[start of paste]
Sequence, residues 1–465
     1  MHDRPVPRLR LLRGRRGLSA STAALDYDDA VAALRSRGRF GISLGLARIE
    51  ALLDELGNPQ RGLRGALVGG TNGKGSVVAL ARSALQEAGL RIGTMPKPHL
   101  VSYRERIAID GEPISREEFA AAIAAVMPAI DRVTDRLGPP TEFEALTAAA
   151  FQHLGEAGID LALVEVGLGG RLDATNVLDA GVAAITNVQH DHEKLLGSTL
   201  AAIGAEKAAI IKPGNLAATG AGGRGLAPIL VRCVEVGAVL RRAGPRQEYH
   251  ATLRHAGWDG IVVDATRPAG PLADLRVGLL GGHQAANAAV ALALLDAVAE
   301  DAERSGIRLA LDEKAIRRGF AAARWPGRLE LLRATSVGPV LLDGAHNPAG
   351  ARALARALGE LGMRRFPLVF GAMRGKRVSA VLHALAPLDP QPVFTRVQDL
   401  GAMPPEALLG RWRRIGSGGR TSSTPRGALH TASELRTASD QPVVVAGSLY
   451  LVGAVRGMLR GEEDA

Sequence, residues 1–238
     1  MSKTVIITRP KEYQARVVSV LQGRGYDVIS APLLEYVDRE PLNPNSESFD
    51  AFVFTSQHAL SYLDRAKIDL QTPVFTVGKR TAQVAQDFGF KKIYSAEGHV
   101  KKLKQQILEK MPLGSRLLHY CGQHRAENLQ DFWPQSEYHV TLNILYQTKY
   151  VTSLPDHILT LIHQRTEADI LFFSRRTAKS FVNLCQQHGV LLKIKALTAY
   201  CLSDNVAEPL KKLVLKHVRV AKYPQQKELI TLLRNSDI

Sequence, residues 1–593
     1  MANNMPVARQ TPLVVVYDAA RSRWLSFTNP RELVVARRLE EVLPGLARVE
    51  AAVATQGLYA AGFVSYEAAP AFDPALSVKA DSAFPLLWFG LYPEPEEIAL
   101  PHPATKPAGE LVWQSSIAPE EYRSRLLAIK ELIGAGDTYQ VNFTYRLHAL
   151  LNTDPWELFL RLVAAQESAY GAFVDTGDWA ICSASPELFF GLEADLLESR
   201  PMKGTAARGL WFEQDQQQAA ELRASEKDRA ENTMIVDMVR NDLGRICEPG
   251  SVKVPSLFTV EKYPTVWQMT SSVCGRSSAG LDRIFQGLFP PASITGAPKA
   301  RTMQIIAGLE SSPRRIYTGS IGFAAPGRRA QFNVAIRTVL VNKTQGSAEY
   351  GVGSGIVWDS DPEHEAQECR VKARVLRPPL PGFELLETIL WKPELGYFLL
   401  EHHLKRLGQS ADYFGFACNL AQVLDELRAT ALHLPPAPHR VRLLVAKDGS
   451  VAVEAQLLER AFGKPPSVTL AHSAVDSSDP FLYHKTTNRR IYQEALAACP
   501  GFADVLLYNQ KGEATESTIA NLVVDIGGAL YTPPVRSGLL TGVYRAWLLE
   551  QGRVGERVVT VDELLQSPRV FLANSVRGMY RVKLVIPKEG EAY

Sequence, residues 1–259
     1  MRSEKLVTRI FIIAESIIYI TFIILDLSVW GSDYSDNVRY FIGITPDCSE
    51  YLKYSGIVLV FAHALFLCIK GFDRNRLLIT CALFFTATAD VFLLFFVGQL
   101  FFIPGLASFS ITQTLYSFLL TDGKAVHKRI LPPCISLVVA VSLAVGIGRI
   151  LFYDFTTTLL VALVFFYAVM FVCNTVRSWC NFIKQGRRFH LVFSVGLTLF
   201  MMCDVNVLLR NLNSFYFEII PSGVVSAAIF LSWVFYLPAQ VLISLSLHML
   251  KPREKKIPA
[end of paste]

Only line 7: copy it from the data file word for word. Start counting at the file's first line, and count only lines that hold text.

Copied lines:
   251  ATLRHAGWDG IVVDATRPAG PLADLRVGLL GGHQAANAAV ALALLDAVAE